Each of these strategic impediments means that the military's recent gains on the battlefield are simply not sustainable. Army Gen. David H. Petraeus has noted that the situation in Afghanistan cannot be resolved by military might alone. Yet the U.S. military remains committed to a policy that relies far too heavily on the stick rather than on the carrot.

Even though the administration has reportedly initiated secret, serious high-level contacts with representatives of the Taliban and has touted nuanced shifts in diplomatic language (such as Secretary of State Hillary Rodham Clinton's February speech that seemed to discard preconditions for negotiations with the Taliban), far less consideration has been given to how the United States can encourage a shift in the Taliban's perceptions and behavior. For too long the U.S. has acted as if force is the only effective means for communicating with the Taliban.

Fighting must continue, but talking and engagement are even more urgent. Although recent exploratory talks with credible Taliban leaders represent an encouraging breakthrough, these openings could be for naught if the military campaign is not waged in concert with this political initiative.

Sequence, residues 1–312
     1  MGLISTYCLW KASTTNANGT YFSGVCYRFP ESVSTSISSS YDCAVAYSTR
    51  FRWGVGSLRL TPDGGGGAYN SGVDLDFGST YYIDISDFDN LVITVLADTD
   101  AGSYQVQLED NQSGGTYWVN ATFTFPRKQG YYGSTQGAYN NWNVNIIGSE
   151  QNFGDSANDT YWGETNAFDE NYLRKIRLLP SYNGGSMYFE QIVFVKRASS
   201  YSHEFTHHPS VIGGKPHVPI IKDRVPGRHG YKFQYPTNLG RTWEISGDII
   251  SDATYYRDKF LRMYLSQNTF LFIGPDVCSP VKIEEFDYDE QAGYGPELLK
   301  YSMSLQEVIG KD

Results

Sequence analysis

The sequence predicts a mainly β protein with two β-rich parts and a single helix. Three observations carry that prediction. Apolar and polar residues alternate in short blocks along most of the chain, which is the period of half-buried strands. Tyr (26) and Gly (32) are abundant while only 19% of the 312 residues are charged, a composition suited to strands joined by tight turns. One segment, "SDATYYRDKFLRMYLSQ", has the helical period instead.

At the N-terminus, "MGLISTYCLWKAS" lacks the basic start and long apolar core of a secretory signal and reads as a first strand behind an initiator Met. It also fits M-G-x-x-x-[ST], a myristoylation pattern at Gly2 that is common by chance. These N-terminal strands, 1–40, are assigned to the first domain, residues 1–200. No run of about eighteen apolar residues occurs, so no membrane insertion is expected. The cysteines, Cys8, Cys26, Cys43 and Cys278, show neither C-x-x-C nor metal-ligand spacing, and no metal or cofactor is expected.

Read the whole thing here

June 10, 2011

How NATO is Like A Boyfriend/Girlfriend That Won't Commit
Posted by Michael Cohen

Images So you ever know those couples where one of the two really wants to get married, settle down and have kids and the other one just refuses to commit and is evasive about the future of the relationship . . . I think this is a good descriptor of the US-NATO alliance today.

Allow me to explain. Yesterday in Brussels, Bob Gates gave a rather incendiary set of remarks that basically attacked NATO allies for not holding up their end of the military bargain in the alliance.

In the past, I’ve worried openly about NATO turning into a two-tiered alliance between members who specialize in ‘soft’ humanitarian, development, peacekeeping and talking tasks and those conducting the ‘hard’ combat missions -- between those willing and able to pay the price and bear the burdens of alliance commitments, and those who enjoy the benefits of NATO membership, be they security guarantees or headquarters billets, but don’t want to share the risks and the costs,” the secretary said.

This is no longer a hypothetical worry. We are there today. And it is unacceptable.